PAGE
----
In my soon to be published book I enclosed a long list of those short stories in the Appendix.  Since the prison boys liked them so much, I thought you may like to see some of them.  So, here is a fourth group of them for you.  And you are welcome to share them with others.


Cherokee Indian Youth’s Rite of Passage

His father takes him into the forest, blindfolds him an leaves him alone.  He is required to sit on a log the whole night and not remove the blindfold until the rays of the morning sun shine through it.  He cannot cry out for help to anyone.

Once he survives the night, he is a MAN.

He cannot tell the other boys of this experience, because each lad must come into manhood on his own.

The boy is naturally terrified. He can hear all kinds of noises. Wild beasts must surely be all around him . Maybe even some human might do him harm.

The wind blew the grass and earth, and shook his log, but he sat stoically, never removing the blindfold. It would be the only way he could become a man!

Finally, after a horrific night the sun appeared and he removed his blindfold.

It was then that he discovered his father sitting on the log next to him.  He had been at watch the entire night, protecting his son from harm.

We, too, are never alone. Even when we don’t know it, God is watching over us, Sitting on the log beside us.

When trouble comes, all we have to do is reach out to Him.

Moral of the story:

Just because you can’t see God,

Doesn’t mean He is not there.

“For we walk by faith, not by sight.”


A man from Norfolk, VA called a local radio station to share this on Sept 11th, 2003. His Name was Robert Matthews. These are his words:   “A few weeks before Sept 11th, my wife and I found out we were going to have our first child. She planned a trip out to California to visit her sister. On our way to the airport, we prayed that God would grant my wife a safe trip and be with her. Shortly after I said ‘amen’ we both heard a loud pop and the car shook violently. We had blown out a tire. I replaced the tire as quickly as I could, but we still missed her flight. Both very upset, we drove home. I received a call from my father who was FDNY. He asked what my wife’s flight number was, but I explained that we missed the flight. My father informed me that her flight was the one that crashed into the southern tower. I was too shocked to speak.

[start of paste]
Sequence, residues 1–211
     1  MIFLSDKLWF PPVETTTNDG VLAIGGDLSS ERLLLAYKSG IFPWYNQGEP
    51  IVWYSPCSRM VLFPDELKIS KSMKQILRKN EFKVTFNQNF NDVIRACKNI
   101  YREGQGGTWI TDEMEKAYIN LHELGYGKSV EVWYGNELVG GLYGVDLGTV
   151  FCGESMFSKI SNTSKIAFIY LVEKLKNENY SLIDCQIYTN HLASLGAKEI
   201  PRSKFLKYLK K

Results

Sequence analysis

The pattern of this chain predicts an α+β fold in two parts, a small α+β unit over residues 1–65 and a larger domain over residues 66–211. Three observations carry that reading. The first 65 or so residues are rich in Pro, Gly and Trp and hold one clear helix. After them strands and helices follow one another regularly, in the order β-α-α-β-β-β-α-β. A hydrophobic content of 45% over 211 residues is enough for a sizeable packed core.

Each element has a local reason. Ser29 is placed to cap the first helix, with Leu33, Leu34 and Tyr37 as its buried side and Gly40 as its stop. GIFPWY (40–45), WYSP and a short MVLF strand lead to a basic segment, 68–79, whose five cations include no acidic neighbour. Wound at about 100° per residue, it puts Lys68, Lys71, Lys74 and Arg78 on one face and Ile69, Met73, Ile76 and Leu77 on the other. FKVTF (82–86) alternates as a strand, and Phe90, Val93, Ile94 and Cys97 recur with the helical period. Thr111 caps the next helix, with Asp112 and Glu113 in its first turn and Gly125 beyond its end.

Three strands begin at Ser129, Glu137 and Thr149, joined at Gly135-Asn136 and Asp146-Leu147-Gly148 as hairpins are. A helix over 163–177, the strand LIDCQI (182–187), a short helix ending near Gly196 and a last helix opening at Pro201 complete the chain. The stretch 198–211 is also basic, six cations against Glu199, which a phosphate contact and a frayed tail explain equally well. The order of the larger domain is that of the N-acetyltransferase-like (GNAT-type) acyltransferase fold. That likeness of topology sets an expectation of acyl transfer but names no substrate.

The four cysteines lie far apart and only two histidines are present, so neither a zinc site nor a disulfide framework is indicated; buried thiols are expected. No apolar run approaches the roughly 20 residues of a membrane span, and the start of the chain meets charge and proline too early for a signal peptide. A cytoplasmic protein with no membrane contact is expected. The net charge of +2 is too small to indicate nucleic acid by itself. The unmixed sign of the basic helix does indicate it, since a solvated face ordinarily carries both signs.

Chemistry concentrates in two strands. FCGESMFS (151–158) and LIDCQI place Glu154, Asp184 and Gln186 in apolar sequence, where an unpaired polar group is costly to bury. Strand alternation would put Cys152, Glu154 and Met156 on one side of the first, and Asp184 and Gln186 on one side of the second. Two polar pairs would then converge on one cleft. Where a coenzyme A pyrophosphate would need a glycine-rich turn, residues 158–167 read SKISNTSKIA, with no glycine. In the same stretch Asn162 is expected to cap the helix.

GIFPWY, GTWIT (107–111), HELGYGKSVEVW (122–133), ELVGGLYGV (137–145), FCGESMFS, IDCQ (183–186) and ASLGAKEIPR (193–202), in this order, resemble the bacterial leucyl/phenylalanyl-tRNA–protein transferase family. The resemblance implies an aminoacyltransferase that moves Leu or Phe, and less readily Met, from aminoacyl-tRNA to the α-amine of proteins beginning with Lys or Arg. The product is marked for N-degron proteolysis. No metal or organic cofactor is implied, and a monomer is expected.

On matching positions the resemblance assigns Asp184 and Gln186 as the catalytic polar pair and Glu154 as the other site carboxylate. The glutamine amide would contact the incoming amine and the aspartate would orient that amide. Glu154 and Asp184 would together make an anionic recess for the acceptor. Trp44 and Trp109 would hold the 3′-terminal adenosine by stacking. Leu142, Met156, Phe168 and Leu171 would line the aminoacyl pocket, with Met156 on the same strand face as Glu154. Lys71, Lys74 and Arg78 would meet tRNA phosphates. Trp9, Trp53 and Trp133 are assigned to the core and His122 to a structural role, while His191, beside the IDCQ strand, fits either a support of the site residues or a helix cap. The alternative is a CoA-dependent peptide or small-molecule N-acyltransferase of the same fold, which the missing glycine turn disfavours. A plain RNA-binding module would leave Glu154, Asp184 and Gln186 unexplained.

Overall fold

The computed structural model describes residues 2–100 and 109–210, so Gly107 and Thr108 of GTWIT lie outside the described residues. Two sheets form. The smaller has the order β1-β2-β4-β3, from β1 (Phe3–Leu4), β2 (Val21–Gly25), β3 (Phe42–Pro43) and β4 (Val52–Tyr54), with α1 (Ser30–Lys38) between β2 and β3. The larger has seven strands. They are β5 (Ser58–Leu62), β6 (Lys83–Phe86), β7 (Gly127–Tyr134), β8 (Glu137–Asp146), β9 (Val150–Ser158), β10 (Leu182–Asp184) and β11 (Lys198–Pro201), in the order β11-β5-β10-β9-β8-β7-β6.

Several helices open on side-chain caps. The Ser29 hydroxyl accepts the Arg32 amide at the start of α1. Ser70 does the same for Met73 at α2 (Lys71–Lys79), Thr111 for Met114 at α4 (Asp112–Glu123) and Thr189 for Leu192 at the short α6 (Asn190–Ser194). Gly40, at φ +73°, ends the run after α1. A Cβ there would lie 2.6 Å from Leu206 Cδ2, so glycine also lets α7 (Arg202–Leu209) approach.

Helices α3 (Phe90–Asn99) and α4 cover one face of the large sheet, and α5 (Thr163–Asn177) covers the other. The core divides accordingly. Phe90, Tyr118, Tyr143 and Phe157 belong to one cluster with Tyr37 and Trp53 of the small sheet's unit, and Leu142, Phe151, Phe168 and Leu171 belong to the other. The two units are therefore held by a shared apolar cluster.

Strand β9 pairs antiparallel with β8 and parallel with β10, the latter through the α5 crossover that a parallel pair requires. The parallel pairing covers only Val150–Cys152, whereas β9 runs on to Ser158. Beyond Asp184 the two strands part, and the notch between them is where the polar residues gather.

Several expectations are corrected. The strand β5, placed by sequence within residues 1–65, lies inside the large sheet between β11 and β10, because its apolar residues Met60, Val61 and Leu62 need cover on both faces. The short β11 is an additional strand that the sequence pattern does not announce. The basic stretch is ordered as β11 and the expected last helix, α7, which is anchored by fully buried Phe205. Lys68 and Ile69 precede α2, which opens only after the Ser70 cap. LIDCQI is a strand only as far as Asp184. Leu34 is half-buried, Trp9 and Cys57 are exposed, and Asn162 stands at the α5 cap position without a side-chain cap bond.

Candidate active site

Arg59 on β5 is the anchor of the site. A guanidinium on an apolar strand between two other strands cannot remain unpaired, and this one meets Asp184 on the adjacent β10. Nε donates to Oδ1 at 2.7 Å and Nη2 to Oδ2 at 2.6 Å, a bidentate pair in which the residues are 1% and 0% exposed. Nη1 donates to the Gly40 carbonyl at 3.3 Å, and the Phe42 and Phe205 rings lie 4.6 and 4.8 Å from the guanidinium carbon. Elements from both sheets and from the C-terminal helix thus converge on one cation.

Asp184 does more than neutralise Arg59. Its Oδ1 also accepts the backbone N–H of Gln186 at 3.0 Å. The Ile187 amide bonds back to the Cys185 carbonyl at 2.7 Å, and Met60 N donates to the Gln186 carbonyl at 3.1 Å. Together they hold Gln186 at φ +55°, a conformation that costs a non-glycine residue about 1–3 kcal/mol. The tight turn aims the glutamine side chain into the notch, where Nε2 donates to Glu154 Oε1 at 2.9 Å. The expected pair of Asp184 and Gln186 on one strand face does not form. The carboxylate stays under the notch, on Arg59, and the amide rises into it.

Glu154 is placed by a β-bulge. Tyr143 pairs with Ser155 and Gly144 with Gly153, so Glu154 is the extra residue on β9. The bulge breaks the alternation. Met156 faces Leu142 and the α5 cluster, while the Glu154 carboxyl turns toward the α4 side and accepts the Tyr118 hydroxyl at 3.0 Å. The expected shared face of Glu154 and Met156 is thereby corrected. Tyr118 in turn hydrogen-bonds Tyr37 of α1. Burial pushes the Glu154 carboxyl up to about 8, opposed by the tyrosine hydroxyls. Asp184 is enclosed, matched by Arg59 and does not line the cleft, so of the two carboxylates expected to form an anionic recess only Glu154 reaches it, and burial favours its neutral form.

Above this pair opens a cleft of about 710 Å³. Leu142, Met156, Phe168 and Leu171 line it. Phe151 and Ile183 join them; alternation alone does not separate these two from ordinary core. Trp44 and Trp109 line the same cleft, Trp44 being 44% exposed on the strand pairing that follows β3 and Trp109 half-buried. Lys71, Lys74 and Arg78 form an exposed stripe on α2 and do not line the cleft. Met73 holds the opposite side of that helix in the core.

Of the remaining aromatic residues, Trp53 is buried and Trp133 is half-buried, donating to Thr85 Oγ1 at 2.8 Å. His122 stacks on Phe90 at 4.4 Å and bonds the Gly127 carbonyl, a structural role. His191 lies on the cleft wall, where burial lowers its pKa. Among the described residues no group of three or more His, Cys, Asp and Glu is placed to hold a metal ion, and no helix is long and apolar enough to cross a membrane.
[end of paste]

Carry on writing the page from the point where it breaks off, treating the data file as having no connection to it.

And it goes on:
My father also had more news for me; he was going to help. ‘This is not something I can just sit by for, I have to do something.  I am not on duty for another hour, but I have to go help my fire battalion buddies.’  I was concerned for his safety, of course, but more because he had never given his life to Christ.  After a brief debate, I knew his mind was made up. Before he got off of the phone, he said, ‘Take good care of my grandchild.’ Those were the last words I ever heard my father say; he died while helping in the rescue effort when the other tower went down. My joy that my prayer of safety for my wife had been answered quickly became anger. Anger at God, at my father, and at myself. I had gone for nearly 2 years blaming God for taking my father away. My son would never know his grandfather, my father had never accepted Christ, and I never got to say goodbye.